Setting the Tone
I am a self-admitted hair nerd who lives for the science behind hair color! If you've spent any time with me in person (or even read a couple blog posts), you'll likely end up with waaay more information about the why of hair science than you ever cared to.
Now that fall is here, I've been talking a lot about switching up hair color for the seasonal change...which also means I've been chatting about the different types of hair color and what they do and why the do what they do.
So why not write a little bit about those conversations and get the word out about the two different camps of traditional hair color: permanent and demi-permanent color.
Permanent color serves only two distinct purposes, grey coverage and/or lifting & depositing color. It is highly alkaline, which means it swells the cuticle and can get pigment inside the hair shaft. When and why would a permanent color be selected for you?
You are battling a 30% or higher concentration of grey hair and. you. want. it. gone. As in completely covered, no trace of it anywhere. Permanent color will deposit the desired shade into those pesky silvers (as well as your naturally pigmented hair) and leave an opaque, uniform finish.
You are looking to go just 1-2 shades lighter OR you are wanting to shift the following color families: brunette to redhead, redhead to brunette, or a medium ash blonde to a lighter golden blonde. Permanent color also lifts/removes some the existing pigment in your hair and then deposits the shade you want.
One caveat: there is nothing permanent about permanent color. I know that sounds ridiculous, but all hair color fades! And. it. always. fades. warm. Regardless of who you are. The permanent aspect is that it permanently changes the structure of the hair. Because it has the capability to lift and deposit color, it will "unearth" the underlying natural warm pigment in your hair; that means gold for blondes, and copper for brunettes. Just know that as soon as you get into permanent hair color, this will likely happen to you down the road.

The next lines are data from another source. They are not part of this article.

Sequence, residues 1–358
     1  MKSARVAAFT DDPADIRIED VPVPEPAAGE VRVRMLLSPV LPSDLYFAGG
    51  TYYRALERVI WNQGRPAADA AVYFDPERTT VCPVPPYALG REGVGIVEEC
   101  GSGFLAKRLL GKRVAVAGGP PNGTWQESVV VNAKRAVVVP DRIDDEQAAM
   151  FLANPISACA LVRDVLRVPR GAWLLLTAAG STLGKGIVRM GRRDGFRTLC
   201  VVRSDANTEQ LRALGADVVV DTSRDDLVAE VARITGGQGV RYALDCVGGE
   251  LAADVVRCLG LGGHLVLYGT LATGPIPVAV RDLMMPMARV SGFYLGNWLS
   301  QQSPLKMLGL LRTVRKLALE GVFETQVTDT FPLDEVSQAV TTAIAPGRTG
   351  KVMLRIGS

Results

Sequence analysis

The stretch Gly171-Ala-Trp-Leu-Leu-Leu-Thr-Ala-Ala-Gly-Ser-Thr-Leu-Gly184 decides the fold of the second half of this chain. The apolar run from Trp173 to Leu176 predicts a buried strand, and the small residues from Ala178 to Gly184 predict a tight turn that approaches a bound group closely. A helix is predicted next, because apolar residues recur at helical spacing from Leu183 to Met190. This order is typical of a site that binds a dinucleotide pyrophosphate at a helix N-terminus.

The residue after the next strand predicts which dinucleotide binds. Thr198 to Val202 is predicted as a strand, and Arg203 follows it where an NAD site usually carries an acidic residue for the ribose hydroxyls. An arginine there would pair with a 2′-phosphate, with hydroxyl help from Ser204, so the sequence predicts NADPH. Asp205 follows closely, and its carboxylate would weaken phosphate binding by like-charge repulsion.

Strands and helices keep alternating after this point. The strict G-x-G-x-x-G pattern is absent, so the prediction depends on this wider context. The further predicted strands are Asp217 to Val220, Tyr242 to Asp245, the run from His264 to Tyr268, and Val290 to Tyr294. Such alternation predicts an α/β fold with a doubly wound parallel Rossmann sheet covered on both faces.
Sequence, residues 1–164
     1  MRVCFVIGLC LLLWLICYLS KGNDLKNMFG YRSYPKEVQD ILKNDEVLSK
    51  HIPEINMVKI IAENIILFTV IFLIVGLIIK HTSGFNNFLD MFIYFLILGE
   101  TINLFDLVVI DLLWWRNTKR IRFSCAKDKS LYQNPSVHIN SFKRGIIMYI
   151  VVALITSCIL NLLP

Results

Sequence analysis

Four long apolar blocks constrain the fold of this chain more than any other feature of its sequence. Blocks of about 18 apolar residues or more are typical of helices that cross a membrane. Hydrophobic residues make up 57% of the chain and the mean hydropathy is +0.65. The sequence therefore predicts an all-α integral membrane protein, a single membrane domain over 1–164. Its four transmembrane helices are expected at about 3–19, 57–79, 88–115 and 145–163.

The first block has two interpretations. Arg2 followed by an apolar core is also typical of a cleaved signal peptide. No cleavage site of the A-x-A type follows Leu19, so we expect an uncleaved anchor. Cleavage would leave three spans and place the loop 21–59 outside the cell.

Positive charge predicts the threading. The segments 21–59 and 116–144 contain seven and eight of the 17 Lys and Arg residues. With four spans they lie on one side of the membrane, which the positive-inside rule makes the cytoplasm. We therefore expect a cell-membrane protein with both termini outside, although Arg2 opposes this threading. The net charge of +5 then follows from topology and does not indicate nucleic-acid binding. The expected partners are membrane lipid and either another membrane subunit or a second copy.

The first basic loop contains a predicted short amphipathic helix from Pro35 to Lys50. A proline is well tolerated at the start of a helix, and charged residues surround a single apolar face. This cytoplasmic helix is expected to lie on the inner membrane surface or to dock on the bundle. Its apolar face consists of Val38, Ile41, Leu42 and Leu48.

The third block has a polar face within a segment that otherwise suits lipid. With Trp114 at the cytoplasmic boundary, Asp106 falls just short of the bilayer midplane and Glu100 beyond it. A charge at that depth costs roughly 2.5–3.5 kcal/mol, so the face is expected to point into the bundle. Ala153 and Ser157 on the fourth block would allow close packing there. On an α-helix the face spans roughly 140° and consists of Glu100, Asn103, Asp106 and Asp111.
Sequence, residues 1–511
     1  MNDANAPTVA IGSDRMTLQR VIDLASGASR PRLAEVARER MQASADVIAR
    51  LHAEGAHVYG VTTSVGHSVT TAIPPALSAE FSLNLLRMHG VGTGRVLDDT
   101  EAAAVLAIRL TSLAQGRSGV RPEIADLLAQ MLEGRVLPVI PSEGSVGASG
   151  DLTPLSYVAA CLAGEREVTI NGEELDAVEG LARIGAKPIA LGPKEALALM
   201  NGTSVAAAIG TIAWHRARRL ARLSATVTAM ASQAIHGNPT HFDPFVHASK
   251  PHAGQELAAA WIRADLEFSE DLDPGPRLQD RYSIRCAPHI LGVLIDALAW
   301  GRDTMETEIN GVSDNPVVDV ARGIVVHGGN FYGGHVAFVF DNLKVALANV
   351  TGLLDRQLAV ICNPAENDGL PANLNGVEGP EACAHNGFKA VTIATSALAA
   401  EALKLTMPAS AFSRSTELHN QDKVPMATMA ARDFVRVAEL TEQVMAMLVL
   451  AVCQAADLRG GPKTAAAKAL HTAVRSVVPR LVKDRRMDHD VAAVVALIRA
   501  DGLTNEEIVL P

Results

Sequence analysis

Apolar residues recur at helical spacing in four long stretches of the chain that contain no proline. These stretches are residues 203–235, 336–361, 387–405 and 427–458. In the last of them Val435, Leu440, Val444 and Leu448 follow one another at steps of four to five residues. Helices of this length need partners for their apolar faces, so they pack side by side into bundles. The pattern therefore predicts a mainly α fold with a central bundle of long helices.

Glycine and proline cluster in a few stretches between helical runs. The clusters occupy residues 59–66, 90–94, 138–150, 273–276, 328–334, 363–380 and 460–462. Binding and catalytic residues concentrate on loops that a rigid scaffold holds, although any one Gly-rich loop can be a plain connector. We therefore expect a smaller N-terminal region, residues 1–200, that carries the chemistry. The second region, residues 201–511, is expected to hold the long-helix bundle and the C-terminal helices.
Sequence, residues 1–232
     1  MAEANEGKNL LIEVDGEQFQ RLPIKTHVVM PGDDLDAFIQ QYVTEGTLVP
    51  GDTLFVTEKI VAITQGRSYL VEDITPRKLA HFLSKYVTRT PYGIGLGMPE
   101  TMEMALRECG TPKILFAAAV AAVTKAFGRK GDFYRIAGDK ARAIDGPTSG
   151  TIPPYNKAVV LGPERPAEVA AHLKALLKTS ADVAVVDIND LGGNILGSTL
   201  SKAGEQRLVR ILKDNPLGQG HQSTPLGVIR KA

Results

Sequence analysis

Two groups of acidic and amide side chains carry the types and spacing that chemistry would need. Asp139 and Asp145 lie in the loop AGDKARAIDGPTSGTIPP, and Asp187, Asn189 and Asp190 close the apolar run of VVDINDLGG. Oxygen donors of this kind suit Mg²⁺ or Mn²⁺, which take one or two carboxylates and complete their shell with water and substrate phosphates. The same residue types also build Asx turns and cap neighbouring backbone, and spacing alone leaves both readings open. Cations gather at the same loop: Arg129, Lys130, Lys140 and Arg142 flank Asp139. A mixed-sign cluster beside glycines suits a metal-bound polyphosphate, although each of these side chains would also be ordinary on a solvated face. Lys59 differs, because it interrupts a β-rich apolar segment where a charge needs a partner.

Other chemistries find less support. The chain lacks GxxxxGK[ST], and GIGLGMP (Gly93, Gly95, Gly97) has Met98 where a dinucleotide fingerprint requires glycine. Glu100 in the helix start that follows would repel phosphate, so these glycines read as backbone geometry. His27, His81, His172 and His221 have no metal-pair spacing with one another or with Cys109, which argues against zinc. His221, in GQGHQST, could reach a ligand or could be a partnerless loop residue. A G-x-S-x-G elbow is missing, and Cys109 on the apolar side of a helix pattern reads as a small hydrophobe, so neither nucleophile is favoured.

Demi-permanent color only has the power to deposit pigment into hair that is darker than the shade you've selected. It's often very acidic (it shrinks down a swollen cuticle) sealing in color, smoothing the hair, and adds a reflective shine. Talk about a win-win!
Chances are, if you've ever had your hair colored by me, there's a 99% probability I've used demi-permanent color on you...even if you didn't know it. Read on to see what category you fall in to:
You've had highlights created by lightener. Bleach can only remove pigment, and hair either lifts with a red undertone or a yellow undertone -- you can't get around it, it's a human thing. Hairdressers will apply demi-permanent color (also known as toner or a gloss) to shift the hair to the desired shade of blonde. This is where we can make you "ash blonde," or "strawberry blonde," or "cornsilk."
You've wanted to transition from being a blonde to a redhead or a brunette. Going more than two shades darker from bleached hair requires the hair to be "filled" with the missing underlying red, copper, and/or gold pigments that have been previously removed. "Tint-backs" typically require at least two different chemical services during the appointment; one demi-permanent formula to fill the hair, and then a second formula that will get you the rest of the way to your goal shade.
You're coming in for a permanent color retouch for your roots. We use demi-permanent color on the length while your scalp is processing to refresh the color on your length and to make sure it matches the scalp.
You've asked for darker dimension/lowlights. Hairdressers need to be strategic about placing darker color formulas in the hair -- clients almost inevitably want to go lighter again at some point, and this way we don't need to use dynamite (aka super-strong bleach) to get clients blonde again.
You want grey-blending without the grow-out line. Some silver clients are great candidates for using demi-permanent as either a color melt/root smudge/solid color! If you're looking to "stain" just your grey hair (not opaquely cover it up) and and want a lower-maintenance retouch schedule, ask if this might be a good option for you.
But here's the deal with demi color: it lives just inside/under the cuticle, which means it's longevity isn't a great as a permanent color. Think of these two types of hair color as paint: permanent color is like wall paint (very opaque) and demi color is like looking through a stained glass window (translucent). It's sheer, and without the appropriate home care regimen (high-quality color-safe or toning shampoo, a fabulous heat protectant), you will literally be washing your color down the drain and/or vaporizing it out of your hair. Protect your investment -- I promise these products are totally worth it!
Now that you know more than you ever wanted to know about permanent vs demi-permanent color, do you have any questions I can answer for you? Do you think your hairdresser has ever used permanent color on you, or semi-permanent -- or maybe even both during the same hair appointment? Let me know what your guess, and I'll let you know if you're right! :)